The “Ladin Question”
Historical linguistGraziadio Isaia Ascolipresented the theory that Ladin, Romansh and Friulian are from the same family
The idea of unity among Ladin, Romansh and Friulian comes from the Italian historical linguist Graziadio Isaia Ascoli, who was born in Gorizia. In 1871 he presented his theory that these three languages are part of one family, which in the past stretched from Switzerland to Muggia and perhaps also Istria. These three languages are the only survivors of this family, and they all developed differently – in particular, Friulian was much less influenced by German. The scholar Francescato claimed subsequently that until the 14th century the Venetian language shared many phonetic features with Friulian and Ladin; therefore he thought that Friulian was a much more conservative language. Many features that Ascoli thought were peculiar to the Rhaeto-Romance languages can in fact be found in other languages of northern Italy.
Area of diffusion
Spread of the Friulian language in Italy
Today, Friulian is spoken in the province of Udine including the area of the Carnia Alps, but widely throughout the province of Pordenone, in half of the province of Gorizia, and in the eastern part of the province of Venice. In the past, the language borders were wider since also in Trieste and Muggiaparticular variants of Friulian were spoken—the main document about the dialect of Trieste, or tergestino, is “Dialoghi piacevoli in dialetto vernacolo triestino”, published by G. Mainati in 1828.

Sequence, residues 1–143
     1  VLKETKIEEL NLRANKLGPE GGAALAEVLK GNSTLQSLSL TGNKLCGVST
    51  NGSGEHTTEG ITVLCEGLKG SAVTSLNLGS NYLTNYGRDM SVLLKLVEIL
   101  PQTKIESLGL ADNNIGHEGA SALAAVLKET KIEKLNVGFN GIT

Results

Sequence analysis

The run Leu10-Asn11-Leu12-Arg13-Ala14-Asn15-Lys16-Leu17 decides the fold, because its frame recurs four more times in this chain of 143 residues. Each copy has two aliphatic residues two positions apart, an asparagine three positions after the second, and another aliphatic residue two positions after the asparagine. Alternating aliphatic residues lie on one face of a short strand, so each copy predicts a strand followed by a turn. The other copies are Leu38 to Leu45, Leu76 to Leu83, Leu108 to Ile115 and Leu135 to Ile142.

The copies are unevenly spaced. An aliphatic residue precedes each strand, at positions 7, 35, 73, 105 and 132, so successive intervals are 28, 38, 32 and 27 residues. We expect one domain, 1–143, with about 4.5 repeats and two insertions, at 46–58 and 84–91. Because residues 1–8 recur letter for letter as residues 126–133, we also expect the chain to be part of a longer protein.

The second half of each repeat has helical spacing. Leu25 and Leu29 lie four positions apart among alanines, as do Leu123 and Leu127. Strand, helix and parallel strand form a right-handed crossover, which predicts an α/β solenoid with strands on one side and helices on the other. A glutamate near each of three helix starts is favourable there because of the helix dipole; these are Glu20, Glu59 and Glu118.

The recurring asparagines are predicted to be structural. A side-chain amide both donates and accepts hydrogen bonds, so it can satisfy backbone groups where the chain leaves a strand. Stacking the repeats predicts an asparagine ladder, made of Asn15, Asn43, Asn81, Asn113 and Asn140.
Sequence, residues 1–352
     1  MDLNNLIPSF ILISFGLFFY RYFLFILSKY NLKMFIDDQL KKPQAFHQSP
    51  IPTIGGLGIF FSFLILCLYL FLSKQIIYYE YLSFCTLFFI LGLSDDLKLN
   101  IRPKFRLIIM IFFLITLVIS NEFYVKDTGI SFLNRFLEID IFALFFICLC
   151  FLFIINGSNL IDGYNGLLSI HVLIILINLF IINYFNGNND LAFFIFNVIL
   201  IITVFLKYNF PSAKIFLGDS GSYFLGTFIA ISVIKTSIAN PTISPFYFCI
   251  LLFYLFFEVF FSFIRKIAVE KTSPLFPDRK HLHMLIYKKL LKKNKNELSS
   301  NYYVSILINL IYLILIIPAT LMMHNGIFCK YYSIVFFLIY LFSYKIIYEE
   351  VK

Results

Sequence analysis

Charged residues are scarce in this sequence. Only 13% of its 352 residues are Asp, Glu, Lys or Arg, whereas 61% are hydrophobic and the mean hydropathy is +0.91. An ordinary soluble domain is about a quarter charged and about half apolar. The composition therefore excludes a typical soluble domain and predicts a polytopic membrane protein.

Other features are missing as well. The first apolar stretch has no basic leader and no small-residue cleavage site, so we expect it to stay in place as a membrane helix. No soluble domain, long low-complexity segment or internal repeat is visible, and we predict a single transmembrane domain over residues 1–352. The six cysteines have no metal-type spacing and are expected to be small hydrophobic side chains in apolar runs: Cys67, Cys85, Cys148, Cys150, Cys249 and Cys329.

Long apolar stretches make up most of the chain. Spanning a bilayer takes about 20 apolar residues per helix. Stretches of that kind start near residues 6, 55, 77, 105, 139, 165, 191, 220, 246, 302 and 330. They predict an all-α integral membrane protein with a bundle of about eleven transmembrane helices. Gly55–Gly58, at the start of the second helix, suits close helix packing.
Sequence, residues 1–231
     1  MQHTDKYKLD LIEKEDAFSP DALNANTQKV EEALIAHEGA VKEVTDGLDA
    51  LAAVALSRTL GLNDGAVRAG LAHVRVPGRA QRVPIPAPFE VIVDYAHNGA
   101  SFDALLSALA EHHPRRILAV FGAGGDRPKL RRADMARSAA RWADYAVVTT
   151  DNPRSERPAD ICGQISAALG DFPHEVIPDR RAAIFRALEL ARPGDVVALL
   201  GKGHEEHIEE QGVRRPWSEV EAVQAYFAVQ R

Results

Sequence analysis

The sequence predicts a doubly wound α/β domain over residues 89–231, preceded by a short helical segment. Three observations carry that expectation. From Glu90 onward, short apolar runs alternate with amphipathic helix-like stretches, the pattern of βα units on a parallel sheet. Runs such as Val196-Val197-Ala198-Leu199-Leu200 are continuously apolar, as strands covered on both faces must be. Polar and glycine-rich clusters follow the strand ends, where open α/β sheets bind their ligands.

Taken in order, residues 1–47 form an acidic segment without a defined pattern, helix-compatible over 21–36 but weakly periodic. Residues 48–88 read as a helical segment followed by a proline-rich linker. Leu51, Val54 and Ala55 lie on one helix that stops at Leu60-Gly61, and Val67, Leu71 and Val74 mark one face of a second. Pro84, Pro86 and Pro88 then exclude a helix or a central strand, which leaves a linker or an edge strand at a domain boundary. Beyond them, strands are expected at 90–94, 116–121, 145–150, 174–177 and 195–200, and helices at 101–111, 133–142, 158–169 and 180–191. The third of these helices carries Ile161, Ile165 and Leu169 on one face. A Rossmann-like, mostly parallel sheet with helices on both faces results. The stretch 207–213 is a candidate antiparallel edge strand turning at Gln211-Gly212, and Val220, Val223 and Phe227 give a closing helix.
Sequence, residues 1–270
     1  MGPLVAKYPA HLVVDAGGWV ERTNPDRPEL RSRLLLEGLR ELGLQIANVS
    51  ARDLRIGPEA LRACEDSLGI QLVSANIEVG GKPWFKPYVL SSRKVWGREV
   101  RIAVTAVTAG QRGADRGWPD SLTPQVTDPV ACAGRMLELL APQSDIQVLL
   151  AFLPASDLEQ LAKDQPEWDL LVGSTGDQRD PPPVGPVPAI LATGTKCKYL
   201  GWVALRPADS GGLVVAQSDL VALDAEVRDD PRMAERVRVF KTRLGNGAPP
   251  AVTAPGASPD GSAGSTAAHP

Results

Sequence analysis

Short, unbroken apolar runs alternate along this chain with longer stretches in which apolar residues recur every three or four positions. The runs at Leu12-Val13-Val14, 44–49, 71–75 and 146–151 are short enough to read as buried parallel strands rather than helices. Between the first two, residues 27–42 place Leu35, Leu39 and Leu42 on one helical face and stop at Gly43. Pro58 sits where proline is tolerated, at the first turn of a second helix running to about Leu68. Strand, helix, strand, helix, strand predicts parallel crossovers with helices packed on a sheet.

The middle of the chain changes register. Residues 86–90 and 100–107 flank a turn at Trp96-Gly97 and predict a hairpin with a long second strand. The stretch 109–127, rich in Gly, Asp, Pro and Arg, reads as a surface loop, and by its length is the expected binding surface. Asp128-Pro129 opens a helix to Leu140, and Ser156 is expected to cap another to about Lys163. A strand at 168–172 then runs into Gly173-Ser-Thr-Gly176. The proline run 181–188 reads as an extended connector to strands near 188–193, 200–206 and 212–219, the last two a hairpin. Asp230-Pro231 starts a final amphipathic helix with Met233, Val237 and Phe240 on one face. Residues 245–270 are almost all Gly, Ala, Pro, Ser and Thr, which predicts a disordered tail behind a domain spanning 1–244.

Friuli was until the 1960s an area of deep poverty, causing a large number of Friulian speakers to emigrate. Most went to France, Belgium, and Switzerland or outside Europe, to Canada, Mexico, Australia, Argentina, Brazil, Venezuela, the United States, and South Africa. In these countries, there are associations of Friulian immigrants (called Fogolâr furlan), who try to protect their traditions and language.